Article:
Catalonia came under the rule of both the Generalitat and the CNT party; the Basques were as divided as elsewhere, and at the same time considered once again that they were a state independent from Madrid. Confusion led to wild propaganda, with the result that people took to the streets keenly fuelled with horrific stories and half-truths. One true story about the appalling death of 500 inhabitants of Ronda in Andalucía was made famous by Ernest Hemingway in his book For Whom the Bell Tolls. Within days some hundreds of churches were burnt or ransacked and it is estimated that over 7,000 priests, monks, nuns, and even bishops were horrifically slaughtered. But this was only the beginning of the indiscriminate or mass killingscommitted by both sides in this Civil War .
The key to advancement from Franco's view was to transport his Moroccan Legionnaires into Spain. In this aspect Germany decided to join his side and lent him 20 transport planes which throughout August and September brought the troops across to Algeciras. Their well-trained force contained soldiers with many years of fighting experience in Africa. However, as a counterweight, the enthusiasm of the Republican street militia helped to balance this armed force. At first the Nacionalistas, as General Franco's army became known, quickly captured eastern Andalusia and Extremadura. In Madrid the Republican militia stopped their steady advance with a heroic stand. At this time international support was forthcoming for both sides as the idealism of youth was roused in their defence.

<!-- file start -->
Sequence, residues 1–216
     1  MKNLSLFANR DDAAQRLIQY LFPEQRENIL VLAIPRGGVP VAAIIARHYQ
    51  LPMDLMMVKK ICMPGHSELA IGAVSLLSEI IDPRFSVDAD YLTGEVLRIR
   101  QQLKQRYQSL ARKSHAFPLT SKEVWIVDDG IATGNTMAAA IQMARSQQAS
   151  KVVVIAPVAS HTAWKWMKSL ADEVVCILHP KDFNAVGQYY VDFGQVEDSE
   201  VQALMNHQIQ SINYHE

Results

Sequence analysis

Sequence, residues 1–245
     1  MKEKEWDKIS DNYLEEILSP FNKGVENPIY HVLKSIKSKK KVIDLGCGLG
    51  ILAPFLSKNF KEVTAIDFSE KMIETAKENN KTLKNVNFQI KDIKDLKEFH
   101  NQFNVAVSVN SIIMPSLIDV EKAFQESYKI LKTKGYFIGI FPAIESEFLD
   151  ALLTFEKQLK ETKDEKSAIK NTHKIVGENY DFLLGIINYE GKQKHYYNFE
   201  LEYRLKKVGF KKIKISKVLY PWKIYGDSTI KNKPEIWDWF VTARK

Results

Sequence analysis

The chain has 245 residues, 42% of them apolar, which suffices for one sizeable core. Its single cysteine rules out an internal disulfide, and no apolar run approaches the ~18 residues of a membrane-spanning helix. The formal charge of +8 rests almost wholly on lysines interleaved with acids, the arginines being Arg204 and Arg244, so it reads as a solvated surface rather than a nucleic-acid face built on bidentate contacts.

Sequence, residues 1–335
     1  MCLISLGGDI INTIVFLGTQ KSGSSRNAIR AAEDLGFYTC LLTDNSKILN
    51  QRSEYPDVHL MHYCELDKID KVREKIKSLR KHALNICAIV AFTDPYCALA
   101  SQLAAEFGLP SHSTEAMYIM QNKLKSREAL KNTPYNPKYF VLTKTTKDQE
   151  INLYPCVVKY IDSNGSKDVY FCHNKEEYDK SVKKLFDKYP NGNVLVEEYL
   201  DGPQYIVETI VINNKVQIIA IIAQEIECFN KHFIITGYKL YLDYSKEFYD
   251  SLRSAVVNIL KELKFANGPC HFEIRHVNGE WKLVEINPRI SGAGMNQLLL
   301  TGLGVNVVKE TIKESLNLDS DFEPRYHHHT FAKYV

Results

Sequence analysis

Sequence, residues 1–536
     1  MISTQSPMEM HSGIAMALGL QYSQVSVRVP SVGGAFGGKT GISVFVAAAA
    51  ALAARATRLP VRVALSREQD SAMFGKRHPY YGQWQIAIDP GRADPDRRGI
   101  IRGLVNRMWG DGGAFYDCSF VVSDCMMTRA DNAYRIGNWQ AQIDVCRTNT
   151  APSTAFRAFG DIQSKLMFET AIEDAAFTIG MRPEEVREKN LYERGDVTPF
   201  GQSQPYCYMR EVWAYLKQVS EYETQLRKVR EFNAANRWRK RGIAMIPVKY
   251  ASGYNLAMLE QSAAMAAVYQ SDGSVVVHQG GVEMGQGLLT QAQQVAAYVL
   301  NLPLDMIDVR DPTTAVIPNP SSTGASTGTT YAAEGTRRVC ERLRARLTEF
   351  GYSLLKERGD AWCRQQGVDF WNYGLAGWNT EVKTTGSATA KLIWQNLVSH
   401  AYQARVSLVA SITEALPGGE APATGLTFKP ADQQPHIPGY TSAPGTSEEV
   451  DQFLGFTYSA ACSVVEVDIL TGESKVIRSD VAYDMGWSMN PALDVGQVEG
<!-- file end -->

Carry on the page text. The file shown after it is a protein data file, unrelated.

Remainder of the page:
Germany, Italy and Portugal, sent troops, much-needed arms and planes to assist General Franco. The Italian leader Mussolini claimed his 70,000 troops were just volunteers, and the Germans' 100 planes based in Salamanca had a decided effect on the outcome.
Russia was the principal supporter of the Republicans and sent arms and some much-needed other equipment and military advisers. The fighting men were forthcoming for the Republicans as the famous "International Brigades" which were drawn from ardent left-wing idealistic supporters from the entire world.